Abstract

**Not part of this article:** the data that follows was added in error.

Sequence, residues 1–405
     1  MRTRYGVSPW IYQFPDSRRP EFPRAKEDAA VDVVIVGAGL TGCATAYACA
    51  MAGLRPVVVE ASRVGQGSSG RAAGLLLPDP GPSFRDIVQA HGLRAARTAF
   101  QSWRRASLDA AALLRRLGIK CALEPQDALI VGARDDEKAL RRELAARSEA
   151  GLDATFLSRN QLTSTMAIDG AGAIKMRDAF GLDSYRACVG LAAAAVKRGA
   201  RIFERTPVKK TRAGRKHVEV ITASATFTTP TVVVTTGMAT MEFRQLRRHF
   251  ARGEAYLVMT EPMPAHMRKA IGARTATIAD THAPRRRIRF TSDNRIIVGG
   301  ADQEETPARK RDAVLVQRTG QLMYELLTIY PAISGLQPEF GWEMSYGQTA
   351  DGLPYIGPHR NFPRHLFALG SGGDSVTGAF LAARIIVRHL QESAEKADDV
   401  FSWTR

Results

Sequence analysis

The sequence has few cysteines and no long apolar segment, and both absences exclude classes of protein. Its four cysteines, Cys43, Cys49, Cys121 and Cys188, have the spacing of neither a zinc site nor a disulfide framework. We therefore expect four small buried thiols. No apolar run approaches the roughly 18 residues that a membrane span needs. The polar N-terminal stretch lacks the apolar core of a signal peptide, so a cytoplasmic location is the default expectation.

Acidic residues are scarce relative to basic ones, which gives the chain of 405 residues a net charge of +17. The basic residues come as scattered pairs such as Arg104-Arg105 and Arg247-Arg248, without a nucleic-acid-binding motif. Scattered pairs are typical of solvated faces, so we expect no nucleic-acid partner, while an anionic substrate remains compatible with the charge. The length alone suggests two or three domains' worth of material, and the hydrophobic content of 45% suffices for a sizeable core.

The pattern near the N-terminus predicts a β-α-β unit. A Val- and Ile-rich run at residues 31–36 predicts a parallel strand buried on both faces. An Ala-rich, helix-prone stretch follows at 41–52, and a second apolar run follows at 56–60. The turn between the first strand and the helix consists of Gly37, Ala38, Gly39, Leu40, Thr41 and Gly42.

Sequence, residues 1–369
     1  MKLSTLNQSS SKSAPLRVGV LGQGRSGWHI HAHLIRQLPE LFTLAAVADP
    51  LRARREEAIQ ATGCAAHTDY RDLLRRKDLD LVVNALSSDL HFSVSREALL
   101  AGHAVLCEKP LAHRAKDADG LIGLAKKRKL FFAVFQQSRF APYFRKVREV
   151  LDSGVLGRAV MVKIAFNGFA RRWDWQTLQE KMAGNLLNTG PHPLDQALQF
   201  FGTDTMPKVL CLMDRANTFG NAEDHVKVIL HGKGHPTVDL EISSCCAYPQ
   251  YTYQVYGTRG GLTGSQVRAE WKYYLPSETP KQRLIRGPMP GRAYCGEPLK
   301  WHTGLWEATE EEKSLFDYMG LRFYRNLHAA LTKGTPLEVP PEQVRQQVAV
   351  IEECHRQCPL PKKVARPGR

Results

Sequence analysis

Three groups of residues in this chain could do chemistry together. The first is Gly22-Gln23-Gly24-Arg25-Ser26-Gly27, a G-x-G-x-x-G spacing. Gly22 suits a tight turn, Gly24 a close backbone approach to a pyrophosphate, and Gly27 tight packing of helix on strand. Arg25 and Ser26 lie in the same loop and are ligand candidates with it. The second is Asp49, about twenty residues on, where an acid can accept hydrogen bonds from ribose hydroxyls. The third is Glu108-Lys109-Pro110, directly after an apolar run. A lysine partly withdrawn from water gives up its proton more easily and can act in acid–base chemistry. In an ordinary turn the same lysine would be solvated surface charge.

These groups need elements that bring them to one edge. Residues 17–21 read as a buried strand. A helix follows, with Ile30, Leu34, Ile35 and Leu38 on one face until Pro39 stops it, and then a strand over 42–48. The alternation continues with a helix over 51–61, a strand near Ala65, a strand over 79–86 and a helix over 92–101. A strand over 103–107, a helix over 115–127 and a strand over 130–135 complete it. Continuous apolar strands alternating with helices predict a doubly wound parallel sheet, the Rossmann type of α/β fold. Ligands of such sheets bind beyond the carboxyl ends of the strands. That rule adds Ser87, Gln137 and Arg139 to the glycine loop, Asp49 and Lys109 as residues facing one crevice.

Atypical responses to salient information are a candidate endophenotype for both autism and psychosis spectrum disorders. The present study investigated the costs and benefits of such atypicalities for saliency-based selection in a large cohort of neurotypical adults in whom both autism and psychosis expressions were assessed. Two experiments found that autism tendencies and psychosis proneness interactively modulated the cost incurred in the presence of a task-irrelevant salient distractor. Specifically, expressions of autism and psychosis had opposing effects on responses to salient information such that the benefits associated with high expressions for autism offset costs associated with high expressions for psychosis. The opposing influences observed on saliency cost may be driven by distinct attentional mechanisms that are differentially affected by expressions for autism and psychosis.

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